It is this time of year that impresses the fleeting quality of life and everything in it, and the depth and briefness of our most life-affirming act – the breath. It instills the importance of savoring before something is lost to us - perhaps forever. 

It can be so easy to get caught up in the wind, and to lose ourselves momentarily in the process, but if we still ourselves into the activity of the moment, we find something of an antidote to the impermanence of everything around us. 

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Grounding is one of those terms that can be obvious in some moments and completely illusive in others. It’s similar to balance in that way. Balance is not something that is “achieved” but is rather in constant development. As the earth spins, the air shifts, and the environment around us adjusts, we’re asked to adjust with it. Just think about the last time you stood on one leg - did you notice that with every shift of your breath your balance shifted with it? It’s just the same with grounding. What feels solid and solidifying in one moment, may feel stubborn and constrictive in the next.

Additionally, what could feel grounding for me may be the opposite of what is grounding for you. It’s not a one-size-fits all practice. Standing on that waters edge could be all I need, but perhaps it would make you feel restless and anxious to move on.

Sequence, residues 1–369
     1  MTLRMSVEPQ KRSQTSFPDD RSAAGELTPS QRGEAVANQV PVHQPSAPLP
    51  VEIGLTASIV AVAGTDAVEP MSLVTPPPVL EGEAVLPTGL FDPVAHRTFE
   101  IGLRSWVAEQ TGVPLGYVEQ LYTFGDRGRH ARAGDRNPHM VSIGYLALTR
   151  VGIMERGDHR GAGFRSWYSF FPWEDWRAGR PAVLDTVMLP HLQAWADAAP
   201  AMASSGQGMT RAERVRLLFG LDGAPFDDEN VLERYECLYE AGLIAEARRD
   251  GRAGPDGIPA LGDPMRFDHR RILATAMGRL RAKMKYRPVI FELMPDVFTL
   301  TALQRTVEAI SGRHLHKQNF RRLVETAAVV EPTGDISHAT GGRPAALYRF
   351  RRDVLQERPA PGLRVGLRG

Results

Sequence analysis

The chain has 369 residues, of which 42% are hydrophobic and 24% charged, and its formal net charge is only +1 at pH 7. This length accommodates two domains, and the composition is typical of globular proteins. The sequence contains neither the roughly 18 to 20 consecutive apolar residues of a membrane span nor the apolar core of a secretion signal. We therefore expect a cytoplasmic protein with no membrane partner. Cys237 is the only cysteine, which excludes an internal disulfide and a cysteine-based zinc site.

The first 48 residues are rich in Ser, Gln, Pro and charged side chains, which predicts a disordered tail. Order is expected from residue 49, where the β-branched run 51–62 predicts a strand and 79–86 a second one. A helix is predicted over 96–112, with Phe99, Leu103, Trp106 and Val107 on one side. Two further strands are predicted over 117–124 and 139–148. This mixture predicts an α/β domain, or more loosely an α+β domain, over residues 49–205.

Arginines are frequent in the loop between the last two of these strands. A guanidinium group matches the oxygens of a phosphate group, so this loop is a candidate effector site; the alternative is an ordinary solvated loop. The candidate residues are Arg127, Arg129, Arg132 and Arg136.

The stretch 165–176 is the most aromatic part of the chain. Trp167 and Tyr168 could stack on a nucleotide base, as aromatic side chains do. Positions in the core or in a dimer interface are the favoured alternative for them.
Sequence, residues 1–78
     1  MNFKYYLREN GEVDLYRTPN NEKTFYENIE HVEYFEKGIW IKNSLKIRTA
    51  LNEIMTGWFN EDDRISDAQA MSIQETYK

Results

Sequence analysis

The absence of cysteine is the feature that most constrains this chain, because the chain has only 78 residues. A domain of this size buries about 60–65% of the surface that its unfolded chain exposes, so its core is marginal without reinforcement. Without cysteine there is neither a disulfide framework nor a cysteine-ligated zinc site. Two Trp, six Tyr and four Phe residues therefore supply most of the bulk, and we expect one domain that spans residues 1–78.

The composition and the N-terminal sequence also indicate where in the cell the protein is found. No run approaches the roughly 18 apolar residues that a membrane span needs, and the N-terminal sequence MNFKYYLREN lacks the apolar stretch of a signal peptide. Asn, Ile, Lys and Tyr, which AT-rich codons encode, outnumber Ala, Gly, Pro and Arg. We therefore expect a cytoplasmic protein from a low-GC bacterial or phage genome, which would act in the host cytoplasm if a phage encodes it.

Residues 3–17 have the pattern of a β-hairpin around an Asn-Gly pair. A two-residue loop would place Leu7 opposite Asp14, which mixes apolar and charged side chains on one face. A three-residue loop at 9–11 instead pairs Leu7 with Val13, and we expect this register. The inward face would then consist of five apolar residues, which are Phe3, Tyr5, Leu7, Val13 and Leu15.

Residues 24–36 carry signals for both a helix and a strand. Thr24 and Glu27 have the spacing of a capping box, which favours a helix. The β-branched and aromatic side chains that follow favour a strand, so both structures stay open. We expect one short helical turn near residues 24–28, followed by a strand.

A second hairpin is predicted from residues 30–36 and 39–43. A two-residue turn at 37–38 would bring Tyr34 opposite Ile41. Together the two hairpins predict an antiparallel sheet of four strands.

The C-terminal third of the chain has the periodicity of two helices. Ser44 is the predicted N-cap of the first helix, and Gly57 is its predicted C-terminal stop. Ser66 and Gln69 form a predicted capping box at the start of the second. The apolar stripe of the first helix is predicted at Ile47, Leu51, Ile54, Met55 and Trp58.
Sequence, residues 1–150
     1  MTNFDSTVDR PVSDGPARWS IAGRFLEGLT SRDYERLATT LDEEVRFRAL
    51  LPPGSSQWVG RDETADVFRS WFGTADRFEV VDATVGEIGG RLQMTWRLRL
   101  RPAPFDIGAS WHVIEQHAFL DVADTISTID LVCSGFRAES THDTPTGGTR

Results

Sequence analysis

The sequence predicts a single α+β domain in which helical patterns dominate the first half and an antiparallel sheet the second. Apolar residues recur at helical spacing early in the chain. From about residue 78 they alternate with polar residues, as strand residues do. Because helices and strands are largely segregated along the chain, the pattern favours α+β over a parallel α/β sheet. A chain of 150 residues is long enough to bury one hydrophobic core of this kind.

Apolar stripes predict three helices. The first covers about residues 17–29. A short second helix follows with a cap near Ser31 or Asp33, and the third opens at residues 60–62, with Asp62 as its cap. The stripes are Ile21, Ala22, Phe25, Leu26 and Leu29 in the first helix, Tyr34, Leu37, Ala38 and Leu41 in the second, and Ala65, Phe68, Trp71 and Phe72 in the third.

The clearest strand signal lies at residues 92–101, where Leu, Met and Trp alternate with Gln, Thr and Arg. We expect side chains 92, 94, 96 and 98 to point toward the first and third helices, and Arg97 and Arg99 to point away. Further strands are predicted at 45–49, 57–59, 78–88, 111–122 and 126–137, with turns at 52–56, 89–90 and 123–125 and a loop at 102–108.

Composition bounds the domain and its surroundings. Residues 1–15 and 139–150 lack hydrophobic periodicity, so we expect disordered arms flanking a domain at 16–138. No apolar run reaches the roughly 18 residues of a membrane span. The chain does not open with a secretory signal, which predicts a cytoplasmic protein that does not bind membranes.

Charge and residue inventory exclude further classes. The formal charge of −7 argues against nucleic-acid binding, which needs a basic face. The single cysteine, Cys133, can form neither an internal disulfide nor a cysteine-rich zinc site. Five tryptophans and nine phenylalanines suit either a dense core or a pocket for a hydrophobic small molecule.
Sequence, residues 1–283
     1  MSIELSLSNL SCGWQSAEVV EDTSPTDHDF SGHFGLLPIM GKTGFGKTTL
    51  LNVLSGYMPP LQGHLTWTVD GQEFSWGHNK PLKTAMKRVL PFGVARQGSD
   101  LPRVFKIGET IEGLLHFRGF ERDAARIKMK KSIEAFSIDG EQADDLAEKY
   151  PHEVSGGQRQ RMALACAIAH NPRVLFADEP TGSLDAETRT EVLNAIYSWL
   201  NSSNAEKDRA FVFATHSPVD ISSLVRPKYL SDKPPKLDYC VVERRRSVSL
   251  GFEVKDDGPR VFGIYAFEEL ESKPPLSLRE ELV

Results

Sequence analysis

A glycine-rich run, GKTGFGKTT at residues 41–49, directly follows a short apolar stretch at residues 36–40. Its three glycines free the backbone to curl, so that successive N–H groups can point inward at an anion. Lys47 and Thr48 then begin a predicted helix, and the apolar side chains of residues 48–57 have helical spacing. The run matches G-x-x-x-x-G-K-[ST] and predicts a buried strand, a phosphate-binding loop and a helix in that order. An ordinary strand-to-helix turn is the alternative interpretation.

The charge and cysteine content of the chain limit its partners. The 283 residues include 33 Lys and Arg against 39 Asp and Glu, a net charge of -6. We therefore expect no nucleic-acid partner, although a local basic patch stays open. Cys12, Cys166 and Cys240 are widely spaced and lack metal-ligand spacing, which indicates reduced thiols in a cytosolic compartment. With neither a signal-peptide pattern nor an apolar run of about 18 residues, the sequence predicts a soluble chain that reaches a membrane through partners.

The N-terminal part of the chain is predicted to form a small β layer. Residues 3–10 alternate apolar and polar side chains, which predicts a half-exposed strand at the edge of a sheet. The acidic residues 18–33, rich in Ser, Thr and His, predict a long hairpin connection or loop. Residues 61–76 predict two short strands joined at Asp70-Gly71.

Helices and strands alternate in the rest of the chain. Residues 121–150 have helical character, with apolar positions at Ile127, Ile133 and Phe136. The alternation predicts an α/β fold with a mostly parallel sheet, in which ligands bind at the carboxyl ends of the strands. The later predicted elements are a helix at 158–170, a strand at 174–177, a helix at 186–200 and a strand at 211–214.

So in order to all get on the same page, let's clarify a definition of grounding that we can work with for purposes of this article. 

Every literal definition of grounding that you will find in the dictionary has something to do with placing an object on the actual ground, or the process of turning something from air (like ideas) into material (like practical actions).

At this time of year, nature mirrors this definition. As we watch our summer harvests decay and mold into the soil, we watch the leaves from the trees become mulch, we are watching the act of settling. Metaphorically, we are witnessing the energy shift from being expressive and extroverted to concentrated and introverted. We are watching the process of integrating, digesting, and processing, in ourselves and in the world around us. 

On a more personal and sensory level, what do you feel in your body when you call these images to mind? Does a feeling of yielding or surrendering come over your body? Do you feel a more solid foundation build within you? Do you feel an inspiration to connect more deeply to your true nature by getting more quiet?